The saw’s rattling and snarling hums in opposition to the calmness and homeliness of the wooded compound and creates an uneasiness that culminates in the rather forceful amputation of the boy’s hand. In accordance with the comfort of the wooded enclosure, the boy possesses a naivety that protects him from understanding the danger and gravity of the saw. This innocence can be seen in the way that the interaction between the boy and the saw is portrayed. Rather than being a grotesque and awful scene of confusion and gore, when the boy’s hand meets the saw, the whole ordeal is shown as something comparable to an animal jumping at the boy. The saw is given animal characteristics, in addition to the snarling and rattling, in that it is described as “Leap[ing] out at the boy’s hand” (ll. 16). It’s almost as if the saw is some sort of snake, lashing out at some unsuspecting passerby. Though the saw is seen as a sort of snake, the speaker interjects saying, “or seemed to leap,” leaving the reader a bit disjointed (ll. 16). This disconnect allows the reader the chance to question the perspective of the child. It also acts as a catalyst for the reader to come to terms with the reaction of the adults at the end of the poem.

The boy’s perspective, in addition to the image of the saw as a snake, gives the remainder of the poem, up until the last three lines, a tone of innocence taken away. The boy is described as “giv[ing] the hand” to the saw, almost as if it were some sort of offering (ll. 17). When the hand is accepted by the saw, the boy lets out a “rueful laugh” (ll. 19). The juxtaposition of these two words gives the reader a conflicted image. Rueful and laugh are almost absolutely opposite of one another. The “outcry” of the boy is something of a sorrowful laugh. This image, in relation to the uncertain tone that the speaker employs earlier on, shows that although the boy might have thought that he knew what he was doing when he offered his hand to saw, he really had no clue what he as getting himself into. The bucolic background bursts before the readers’ eyes. The boy holds his hand “as if to keep the life from spilling” out of the wound that now occupies where his hand once was.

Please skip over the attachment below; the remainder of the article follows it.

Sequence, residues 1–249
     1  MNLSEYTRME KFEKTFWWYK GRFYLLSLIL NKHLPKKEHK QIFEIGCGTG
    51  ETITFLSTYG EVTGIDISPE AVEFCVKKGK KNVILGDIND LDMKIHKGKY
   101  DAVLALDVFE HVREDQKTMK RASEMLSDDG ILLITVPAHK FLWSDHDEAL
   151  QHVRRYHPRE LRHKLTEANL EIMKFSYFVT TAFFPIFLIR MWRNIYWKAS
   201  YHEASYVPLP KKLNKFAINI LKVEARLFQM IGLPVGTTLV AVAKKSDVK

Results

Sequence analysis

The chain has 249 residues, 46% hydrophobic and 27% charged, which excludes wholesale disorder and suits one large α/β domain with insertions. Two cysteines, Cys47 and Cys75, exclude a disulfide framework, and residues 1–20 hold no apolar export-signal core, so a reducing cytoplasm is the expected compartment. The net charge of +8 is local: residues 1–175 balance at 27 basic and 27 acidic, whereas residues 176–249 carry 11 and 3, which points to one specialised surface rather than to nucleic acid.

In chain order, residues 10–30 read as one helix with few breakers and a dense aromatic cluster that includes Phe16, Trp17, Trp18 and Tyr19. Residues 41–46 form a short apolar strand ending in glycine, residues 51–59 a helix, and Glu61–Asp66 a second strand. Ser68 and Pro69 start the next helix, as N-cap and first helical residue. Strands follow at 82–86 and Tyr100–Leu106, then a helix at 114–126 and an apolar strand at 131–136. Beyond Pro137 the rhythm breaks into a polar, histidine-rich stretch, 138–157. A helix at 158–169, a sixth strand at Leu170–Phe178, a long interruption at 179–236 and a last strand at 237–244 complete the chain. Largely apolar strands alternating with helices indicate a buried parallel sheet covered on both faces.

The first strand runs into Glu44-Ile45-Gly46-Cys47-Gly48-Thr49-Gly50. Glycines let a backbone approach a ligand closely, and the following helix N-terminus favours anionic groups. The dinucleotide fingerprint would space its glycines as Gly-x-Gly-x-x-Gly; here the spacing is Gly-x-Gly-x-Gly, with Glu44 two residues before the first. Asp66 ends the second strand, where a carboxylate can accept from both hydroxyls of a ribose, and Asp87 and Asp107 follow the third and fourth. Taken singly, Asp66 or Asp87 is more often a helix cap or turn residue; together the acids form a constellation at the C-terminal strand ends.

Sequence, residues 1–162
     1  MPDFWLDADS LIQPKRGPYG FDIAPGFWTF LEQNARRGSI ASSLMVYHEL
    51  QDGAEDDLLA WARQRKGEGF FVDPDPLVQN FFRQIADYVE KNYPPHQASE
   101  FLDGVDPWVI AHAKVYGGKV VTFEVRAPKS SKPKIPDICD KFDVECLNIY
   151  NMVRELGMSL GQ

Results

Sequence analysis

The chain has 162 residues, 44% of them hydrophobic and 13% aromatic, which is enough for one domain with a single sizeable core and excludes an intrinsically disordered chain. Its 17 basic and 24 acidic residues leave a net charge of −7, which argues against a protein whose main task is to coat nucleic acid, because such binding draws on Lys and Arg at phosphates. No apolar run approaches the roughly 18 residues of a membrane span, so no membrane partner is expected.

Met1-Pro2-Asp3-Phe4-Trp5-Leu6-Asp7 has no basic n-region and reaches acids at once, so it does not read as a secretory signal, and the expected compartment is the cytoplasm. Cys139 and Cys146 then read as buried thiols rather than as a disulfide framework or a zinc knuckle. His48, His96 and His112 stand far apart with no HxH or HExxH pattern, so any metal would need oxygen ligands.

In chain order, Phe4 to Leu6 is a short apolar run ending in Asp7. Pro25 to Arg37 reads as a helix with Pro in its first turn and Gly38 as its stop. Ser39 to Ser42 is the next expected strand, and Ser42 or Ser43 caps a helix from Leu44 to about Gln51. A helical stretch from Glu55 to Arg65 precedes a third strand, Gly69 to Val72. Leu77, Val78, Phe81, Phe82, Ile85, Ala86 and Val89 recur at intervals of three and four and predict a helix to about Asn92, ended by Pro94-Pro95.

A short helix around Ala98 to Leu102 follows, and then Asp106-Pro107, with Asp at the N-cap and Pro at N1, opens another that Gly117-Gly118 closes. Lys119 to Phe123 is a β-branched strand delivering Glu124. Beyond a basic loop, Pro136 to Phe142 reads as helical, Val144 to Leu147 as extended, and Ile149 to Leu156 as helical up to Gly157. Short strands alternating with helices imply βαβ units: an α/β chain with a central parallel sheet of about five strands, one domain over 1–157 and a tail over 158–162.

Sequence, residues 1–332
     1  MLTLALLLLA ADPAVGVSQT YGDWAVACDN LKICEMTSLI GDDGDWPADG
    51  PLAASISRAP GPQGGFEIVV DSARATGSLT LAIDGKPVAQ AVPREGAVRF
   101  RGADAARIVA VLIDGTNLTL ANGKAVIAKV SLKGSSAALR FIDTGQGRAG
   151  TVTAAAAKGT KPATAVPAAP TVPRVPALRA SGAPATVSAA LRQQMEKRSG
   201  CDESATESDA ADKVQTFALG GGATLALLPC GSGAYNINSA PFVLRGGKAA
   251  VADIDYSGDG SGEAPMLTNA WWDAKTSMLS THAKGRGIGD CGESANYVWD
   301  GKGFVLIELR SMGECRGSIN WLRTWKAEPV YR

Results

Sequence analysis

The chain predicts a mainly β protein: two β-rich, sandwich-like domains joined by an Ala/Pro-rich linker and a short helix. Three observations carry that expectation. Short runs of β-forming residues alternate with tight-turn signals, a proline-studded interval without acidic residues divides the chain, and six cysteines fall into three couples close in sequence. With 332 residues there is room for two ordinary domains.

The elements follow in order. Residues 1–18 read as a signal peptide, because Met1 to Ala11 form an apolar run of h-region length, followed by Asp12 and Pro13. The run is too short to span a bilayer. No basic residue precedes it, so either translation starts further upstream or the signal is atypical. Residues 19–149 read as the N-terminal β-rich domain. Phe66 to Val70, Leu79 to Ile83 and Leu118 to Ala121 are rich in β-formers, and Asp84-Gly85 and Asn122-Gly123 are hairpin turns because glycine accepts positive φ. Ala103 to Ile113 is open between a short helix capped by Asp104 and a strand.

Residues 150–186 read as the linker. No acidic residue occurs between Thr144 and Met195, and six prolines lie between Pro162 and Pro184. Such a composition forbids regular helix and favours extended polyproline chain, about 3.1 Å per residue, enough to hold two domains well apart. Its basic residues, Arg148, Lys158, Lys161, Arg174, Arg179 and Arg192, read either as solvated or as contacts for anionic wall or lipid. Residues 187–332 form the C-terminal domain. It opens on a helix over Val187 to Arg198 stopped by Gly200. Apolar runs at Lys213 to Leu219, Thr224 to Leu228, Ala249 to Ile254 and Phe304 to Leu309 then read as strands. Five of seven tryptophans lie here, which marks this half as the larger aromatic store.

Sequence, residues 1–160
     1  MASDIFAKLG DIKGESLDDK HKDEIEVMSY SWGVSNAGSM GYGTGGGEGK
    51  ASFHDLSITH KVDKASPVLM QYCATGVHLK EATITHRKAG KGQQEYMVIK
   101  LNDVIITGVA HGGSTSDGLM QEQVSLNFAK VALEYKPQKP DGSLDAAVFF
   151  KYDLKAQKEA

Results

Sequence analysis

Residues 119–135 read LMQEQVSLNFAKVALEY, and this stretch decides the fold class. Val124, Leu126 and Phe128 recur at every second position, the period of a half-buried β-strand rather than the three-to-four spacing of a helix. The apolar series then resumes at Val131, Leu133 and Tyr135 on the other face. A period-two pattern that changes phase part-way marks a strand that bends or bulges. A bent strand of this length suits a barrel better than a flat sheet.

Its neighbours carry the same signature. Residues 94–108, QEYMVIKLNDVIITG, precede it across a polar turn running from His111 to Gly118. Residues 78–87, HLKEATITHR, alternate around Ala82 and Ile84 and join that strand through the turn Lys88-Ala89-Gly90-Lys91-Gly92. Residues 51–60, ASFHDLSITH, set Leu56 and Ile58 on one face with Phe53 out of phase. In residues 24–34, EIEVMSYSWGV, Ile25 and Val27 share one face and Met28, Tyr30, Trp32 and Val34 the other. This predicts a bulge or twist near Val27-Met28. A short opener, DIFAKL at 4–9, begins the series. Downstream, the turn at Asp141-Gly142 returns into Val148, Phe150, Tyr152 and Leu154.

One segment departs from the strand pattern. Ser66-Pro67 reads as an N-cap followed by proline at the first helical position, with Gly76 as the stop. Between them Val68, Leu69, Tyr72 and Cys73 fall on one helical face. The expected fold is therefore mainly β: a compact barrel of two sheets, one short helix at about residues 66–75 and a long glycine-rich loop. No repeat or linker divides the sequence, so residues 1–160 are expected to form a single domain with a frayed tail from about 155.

The boy loses his innocence and his knowledge regarding danger and pain allows him to be like the rest of the people that end up surrounding his deathbed. He possesses, or at least seems to possess, all knowledge beforehand, yet when he is disarmed “[he sees] all—” (ll. 22).  He wanted to be a “big boy” although he wasn’t old enough to be using the saw to begin with (23). His innocence is “spoiled” and he is thrown into confusion as he cries for his sister to tell the doctor to not “cut [his] hand off—” (ll. 25). Despite his desire to keep the hand unspoiled, “the hand was gone already” (ll. 27). He is left with no hand, and the people around him show little to no emotion toward his sudden, tragic end. Although this is very tragic, the adults understand that the saw wasn’t a snake. It wasn’t something that a boy of his age should have been playing with. They aren’t sad that he is gone, but they are sad that he had to learn the hard way that when children get too close to snakes, they will get attacked.